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IPO Pricing and Share Allocation: The Importance of Being Ignorant

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  • CÉLINE GONDAT-LARRALDE
  • KEVIN R. JAMES

Abstract

Since an underwriter sets an IPO's offer price without knowing its market value, investors can acquire information about its value and avoid overpriced deals ("lemon-dodge"). To mitigate this well-known risk, the bank enters into a repeat game with a coalition of investors who do not lemon-dodge in exchange for on-average underpriced shares. We (i) derive and test a quantitative IPO pricing rule (showing that tech IPOs were not excessively underpriced during the boom of the 1990s); and (ii) analyzing a unique multibank data set, find strong support for the conjecture that a bank preferentially allocates shares to its coalition. Copyright 2008 by The American Finance Association.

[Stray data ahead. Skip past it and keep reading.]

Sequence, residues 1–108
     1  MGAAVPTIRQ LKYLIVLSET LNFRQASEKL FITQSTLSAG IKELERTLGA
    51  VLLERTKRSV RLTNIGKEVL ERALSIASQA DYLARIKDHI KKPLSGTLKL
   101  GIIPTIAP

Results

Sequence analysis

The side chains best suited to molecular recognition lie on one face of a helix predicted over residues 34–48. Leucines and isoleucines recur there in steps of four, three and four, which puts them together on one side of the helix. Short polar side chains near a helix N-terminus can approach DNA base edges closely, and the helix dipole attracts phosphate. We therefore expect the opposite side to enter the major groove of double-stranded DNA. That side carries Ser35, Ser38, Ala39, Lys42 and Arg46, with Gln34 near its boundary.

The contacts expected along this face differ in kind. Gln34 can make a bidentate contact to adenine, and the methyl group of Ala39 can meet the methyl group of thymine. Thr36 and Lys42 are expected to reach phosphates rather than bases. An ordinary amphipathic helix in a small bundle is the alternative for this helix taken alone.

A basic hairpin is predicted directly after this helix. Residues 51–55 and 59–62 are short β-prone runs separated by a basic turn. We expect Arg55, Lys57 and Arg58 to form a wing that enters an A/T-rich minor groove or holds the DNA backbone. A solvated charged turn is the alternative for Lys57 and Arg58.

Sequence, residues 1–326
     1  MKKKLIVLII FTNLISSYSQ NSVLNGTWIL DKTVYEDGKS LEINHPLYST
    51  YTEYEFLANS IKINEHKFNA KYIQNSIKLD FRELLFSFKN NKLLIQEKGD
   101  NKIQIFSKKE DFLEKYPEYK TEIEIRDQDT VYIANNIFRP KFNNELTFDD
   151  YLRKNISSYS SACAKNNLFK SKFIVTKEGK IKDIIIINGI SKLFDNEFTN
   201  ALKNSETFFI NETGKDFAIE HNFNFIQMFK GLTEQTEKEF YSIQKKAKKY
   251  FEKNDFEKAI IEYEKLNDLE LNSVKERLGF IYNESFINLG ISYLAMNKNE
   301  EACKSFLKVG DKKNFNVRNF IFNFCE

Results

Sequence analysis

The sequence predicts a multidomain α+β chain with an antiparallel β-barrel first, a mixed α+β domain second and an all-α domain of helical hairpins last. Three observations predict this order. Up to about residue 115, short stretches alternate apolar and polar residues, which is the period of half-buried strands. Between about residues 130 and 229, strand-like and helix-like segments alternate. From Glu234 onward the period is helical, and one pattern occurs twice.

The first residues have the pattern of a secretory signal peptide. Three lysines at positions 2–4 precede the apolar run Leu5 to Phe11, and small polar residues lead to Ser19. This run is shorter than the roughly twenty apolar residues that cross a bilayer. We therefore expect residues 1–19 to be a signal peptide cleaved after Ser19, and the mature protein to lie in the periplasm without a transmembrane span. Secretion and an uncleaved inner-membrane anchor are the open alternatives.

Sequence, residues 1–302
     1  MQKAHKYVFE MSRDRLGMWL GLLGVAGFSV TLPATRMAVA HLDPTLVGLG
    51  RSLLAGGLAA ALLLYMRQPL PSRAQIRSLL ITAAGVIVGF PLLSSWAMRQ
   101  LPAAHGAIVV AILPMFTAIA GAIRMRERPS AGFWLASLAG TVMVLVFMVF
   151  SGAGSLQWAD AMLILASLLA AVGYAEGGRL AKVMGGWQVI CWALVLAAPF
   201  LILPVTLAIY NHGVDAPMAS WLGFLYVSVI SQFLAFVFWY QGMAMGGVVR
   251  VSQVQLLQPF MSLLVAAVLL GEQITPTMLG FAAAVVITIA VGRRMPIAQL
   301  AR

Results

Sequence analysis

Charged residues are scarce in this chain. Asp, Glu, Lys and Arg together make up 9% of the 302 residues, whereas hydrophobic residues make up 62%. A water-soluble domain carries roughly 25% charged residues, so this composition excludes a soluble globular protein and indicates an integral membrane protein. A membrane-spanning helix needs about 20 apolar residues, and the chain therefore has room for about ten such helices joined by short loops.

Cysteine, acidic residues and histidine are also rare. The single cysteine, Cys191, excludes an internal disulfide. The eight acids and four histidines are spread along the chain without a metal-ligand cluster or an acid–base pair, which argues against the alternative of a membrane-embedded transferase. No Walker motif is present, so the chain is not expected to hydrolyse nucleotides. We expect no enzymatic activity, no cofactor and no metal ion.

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Bibliographic Info

Article provided by American Finance Association in its journal The Journal of Finance.

Volume (Year): 63 (2008)
Issue (Month): 1 (02)
Pages: 449-478

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Handle: RePEc:bla:jfinan:v:63:y:2008:i:1:p:449-478

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Cited by:
  1. Adriani, Fabrizio & Deidda, Luca & Sonderegger, Silvia, 2009. "The Role of Financial Intermediaries in Securities Issues: A Theoretical Analysis," MPRA Paper 16112, University Library of Munich, Germany.
  2. Boreiko, Dmitri & Lombardo, Stefano, 2011. "Italian IPOs: Allocations and claw back clauses," Journal of International Financial Markets, Institutions and Money, Elsevier, vol. 21(1), pages 127-143, February.
  3. Cheung, Yan-leung & OUYANG, Zhiwei & TAN, Weiqiang, 2009. "How regulatory changes affect IPO underpricing in China," China Economic Review, Elsevier, vol. 20(4), pages 692-702, December.
  4. An, Heng (Hunter) & Chan, Kam C., 2008. "Credit ratings and IPO pricing," Journal of Corporate Finance, Elsevier, vol. 14(5), pages 584-595, December.

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